Ford filed to trademark a “Thunderbird” name several months ago, and now it is benchmarking a Chevrolet C8 Corvette Stingray. Is there any connection between these events?
Ford often uses vehicles of other brands for benchmarking purposes. Recent spy shots of the Ram TRX, Jeep Gladiator, Tesla Model 3, BMW X7, Audi e-tron near the company’s Dearborn premises point it out.
Ford Authority has lately spotted a C8 Corvette Stingray in Torch Red color and with the Z51 Package on Oakwood Blvd where many Ford Motor Company facilities reside. The vehicle was entering one of the facilities, meaning it belongs to the Blue Oval.
Naturally, the question arose, “Why does Ford need the Corvette?”
At present, the company has no direct rival to Chevy’s performance coupe. The closest models are the Mustang Shelby GT500 or the Mustang Mach 1.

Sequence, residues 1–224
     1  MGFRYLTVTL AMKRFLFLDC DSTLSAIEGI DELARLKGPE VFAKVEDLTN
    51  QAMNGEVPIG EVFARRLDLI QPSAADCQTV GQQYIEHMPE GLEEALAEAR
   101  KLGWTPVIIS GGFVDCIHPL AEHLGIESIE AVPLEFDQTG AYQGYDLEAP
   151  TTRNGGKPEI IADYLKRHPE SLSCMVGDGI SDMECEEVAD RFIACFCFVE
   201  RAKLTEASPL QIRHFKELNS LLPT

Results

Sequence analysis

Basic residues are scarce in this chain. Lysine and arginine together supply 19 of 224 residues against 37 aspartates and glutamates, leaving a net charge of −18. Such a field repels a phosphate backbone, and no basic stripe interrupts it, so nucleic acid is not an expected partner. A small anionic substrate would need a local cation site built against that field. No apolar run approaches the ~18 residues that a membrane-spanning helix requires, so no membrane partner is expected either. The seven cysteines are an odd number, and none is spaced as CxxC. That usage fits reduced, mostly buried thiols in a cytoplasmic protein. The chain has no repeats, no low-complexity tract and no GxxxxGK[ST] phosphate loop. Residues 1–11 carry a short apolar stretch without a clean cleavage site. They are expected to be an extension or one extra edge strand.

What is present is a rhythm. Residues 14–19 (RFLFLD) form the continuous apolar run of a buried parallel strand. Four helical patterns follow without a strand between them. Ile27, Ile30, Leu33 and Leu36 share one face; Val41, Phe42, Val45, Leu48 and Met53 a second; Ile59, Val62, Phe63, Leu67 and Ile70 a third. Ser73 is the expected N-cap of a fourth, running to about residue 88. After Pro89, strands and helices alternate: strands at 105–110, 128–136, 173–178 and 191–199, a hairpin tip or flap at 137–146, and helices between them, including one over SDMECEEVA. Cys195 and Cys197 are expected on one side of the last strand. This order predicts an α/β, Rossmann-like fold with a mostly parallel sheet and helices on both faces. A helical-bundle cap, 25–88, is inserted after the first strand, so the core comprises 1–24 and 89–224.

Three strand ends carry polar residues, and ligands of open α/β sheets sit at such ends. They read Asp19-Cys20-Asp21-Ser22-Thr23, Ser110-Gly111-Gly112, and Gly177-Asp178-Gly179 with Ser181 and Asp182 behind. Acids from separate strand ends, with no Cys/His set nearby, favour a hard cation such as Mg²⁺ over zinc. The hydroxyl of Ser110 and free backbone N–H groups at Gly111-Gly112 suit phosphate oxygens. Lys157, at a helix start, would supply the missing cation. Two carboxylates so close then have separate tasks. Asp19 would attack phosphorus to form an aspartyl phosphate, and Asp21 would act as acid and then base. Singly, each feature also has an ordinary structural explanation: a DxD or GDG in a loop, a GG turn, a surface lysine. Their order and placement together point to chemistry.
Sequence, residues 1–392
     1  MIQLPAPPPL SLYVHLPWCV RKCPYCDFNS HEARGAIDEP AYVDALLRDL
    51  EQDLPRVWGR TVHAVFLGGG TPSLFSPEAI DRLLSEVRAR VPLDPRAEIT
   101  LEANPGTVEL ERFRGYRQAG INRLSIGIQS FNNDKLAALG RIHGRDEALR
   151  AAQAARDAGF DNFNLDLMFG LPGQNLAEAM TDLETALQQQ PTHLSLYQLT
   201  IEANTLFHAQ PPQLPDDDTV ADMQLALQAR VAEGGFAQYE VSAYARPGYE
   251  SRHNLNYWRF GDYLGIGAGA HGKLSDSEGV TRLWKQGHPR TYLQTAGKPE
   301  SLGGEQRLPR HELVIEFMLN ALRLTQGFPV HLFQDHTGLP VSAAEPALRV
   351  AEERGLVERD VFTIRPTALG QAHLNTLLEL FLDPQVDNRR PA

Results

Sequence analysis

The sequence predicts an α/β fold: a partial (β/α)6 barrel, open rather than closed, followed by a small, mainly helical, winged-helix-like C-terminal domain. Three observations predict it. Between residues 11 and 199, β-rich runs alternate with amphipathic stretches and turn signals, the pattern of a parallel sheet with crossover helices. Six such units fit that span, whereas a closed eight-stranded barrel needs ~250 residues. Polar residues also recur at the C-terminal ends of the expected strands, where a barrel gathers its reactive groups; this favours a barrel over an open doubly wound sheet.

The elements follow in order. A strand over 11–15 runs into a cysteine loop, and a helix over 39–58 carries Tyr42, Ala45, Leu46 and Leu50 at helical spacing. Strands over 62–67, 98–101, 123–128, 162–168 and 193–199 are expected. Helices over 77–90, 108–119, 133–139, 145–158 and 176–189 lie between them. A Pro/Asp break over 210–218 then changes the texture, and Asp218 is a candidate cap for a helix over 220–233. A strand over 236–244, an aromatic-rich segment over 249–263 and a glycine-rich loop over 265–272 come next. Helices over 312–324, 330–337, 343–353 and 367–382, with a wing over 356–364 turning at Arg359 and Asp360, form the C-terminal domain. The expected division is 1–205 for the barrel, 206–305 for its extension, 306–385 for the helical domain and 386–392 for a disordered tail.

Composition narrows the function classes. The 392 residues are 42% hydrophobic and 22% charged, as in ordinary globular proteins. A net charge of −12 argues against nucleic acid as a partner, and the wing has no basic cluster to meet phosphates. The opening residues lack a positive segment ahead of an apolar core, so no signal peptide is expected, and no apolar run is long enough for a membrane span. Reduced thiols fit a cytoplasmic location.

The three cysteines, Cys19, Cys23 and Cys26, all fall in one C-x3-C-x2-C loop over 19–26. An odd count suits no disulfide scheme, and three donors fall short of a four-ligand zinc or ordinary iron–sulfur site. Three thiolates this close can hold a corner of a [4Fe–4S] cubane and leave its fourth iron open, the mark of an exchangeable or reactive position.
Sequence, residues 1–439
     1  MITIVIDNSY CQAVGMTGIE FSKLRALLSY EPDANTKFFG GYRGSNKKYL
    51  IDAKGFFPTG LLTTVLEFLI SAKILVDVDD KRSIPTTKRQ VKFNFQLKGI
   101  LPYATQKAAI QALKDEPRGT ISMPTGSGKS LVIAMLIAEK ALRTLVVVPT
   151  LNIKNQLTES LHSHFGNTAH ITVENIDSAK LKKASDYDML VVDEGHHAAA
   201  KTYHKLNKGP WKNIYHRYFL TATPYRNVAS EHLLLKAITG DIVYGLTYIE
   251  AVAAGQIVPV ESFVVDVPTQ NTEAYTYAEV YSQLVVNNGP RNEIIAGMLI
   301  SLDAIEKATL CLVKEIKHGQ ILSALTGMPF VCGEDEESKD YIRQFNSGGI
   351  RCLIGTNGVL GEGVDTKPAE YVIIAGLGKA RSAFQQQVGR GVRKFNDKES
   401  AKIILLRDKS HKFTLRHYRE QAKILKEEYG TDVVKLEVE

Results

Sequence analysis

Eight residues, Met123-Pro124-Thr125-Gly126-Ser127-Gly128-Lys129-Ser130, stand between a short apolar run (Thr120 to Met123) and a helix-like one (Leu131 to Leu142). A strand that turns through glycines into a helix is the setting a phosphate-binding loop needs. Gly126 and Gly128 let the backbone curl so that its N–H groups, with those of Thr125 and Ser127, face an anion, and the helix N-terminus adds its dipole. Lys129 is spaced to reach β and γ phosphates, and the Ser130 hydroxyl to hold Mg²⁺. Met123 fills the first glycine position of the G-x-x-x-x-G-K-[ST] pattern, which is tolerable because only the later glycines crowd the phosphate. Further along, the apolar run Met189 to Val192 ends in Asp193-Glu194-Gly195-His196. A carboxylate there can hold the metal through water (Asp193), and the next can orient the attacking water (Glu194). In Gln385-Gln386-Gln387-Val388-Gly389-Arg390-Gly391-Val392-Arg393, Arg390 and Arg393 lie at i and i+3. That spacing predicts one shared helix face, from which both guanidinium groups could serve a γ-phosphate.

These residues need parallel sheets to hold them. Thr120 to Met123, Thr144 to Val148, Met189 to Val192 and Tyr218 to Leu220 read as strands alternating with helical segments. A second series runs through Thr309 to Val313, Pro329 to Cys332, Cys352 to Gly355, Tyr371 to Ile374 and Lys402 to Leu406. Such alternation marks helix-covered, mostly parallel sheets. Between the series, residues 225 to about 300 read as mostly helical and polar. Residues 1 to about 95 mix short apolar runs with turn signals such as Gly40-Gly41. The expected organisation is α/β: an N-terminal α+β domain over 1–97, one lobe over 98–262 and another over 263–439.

Like it case with the F-150 Lightning and Mustang Mach-E, Ford assumedly plans an all-new model, most likely an EV, under the old moniker. And it needs a C8 Corvette to benchmark the performance of its new product.
Back in January, the Blue Oval filed a trademark application for the “Thunderbird” name: a good nameplate for the electric car, isn’t it?
We recall, that the carmaker built the Ford Thunderbird as a coupe, cabriolet, sedan for a long time – from the mid-50es to the 2005 model year, and this car has 11 generations.
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